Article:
Furthermore, in our case the selective venous sampling was additionally performed to confirm this uncommon localization. Therefore, selective venous sampling was able to support the localization diagnostics and consecutively, the focused surgical approach we then performed.
Molecular Informed Systemic Treatment
Overall, only few reports have characterized the molecular landscape of PC. Using exome sequencing, Yu et al. (20) in a series of seven cases found an average of 51 somatic variants. This is in stark contrast to the findings in our patient who had high tumor mutational burden (TMBh). TMBh is increasingly recognized as a marker of response to immunotherapy (21) and related to the accumulation of tumoral neoantigens which increase the likelihood of response to inhibition of immune checkpoint molecules.
Molecular guided systemic treatment with pembrolizumab led to stable disease as best response on imaging and a marked clinical and biochemical benefit with a stabilization of serum calcium and drop of PTH for 9 months. Our case demonstrates that in rare tumors, molecular analysis may be useful to detect druggable targets. So far, no case of successful treatment of PC with immune checkpoint inhibitors has been described.
Targeted Surgical Resection Permitted Long-Term Disease Control
After the first two resections of parathyroid metastases, calcium normalization has been achieved. The patient was subsequently clinically and biochemically disease free for 9 months (at last observation 10/2020). Repeated surgery was able to control serum calcium supporting that every effort should be made to localize the disease and evaluate resectability (16, 17). It must be noted that our previous case series suggests that more extended primary surgery (parathyroidectomy and hemithyroidectomy) may be beneficial in lowering the rate of recurrence in general although it is unclear whether this is also true for the very rare distant metastases (7).
Our patient has been alive with a “chronic” disease over a long duration which required medical treatment for long periods of time. Uncertainty about prognosis, eventual diagnostic success and risk of surgery have contributed to the disease burden. The present outcome with biochemical remission has significantly improved the well-being of the patient.
Because manifestation of recurrent PC outside of the neck and chest is possible, whole body imaging for tumor localization is useful to allow for focused repeat surgery. The course of the disease in our patient with a recurrence after 12 years after primary surgery suggests that the tumor evaded immune recognition at a certain time point during disease progression which may also explain the unusual systemic spread of the disease. It is tempting to speculate that pembrolizumab treatment inhibited further progression of disease rendering surgical removal effective in a neo-adjuvant manner. A multimodal diagnostic approach and therapy in an interdisciplinary setting is needed for patients with rare endocrine tumors.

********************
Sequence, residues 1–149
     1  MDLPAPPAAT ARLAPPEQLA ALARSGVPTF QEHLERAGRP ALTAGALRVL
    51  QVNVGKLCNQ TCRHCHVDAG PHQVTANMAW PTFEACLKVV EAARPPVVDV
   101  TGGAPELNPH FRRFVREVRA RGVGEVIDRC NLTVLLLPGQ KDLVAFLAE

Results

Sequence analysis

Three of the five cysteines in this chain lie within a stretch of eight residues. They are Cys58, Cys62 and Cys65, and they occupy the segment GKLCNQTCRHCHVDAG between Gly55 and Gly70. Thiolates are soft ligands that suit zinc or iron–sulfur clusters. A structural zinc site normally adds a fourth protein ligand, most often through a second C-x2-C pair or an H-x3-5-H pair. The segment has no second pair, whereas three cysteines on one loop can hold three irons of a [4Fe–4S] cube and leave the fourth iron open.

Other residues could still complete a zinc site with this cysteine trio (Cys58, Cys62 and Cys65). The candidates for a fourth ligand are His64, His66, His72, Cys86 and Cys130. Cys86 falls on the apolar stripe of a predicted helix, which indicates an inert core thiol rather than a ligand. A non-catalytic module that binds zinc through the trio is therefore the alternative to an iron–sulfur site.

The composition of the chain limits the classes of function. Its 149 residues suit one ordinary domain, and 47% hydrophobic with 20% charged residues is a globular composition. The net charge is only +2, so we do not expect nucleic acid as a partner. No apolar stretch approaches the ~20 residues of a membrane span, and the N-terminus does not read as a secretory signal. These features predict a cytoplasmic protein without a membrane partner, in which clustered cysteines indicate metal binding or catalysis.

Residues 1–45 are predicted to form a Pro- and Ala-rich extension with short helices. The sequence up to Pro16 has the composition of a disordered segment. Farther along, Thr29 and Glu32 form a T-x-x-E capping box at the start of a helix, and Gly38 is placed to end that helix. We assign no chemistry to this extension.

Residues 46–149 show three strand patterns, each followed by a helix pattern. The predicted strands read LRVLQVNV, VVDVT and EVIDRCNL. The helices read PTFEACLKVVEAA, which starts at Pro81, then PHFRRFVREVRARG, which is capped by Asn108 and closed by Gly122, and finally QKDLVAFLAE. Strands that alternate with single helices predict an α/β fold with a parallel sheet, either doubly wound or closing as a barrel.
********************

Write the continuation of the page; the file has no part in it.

Data Availability Statement
The original contributions presented in the study are included in the article/Supplementary Material. Further inquiries can be directed to the corresponding author.
Written informed consent was obtained from the individual(s) for the publication of any potentially identifiable images or data included in this article.
CL, NS, and MK designed the study. AB and RK performed diagnostic imaging and procedures. JR and AW performed surgical procedures. CG supervised all surgical procedures. SK examined all histopathological samples. AS, DH, and SF performed whole exome sequencing. CL, CF, and MK provided data. CL and MK analyzed the data. CL, MF, NS, CG, AS, DH, SF, and MK interpreted the data. CL and MK wrote a manuscript draft. All authors contributed to the article and approved the submitted version.
This publication was supported by the Open Access Publication Fund of the University of Wuerzburg.
Conflict of Interest
The authors declare that the research was conducted in the absence of any commercial or financial relationships that could be construed as a potential conflict of interest.
The Supplementary Material for this article can be found online at: https://www.frontiersin.org/articles/10.3389/fendo.2021.643328/full#supplementary-material
5. Harari A, Waring A, Fernandez-Ranvier G, Hwang J, Suh I, Mitmaker E, et al. Parathyroid carcinoma: a 43-year outcome and survival analysis. J Clin Endocrinol Metab (2011) 96(12):3679–86. doi: 10.1210/jc.2011-1571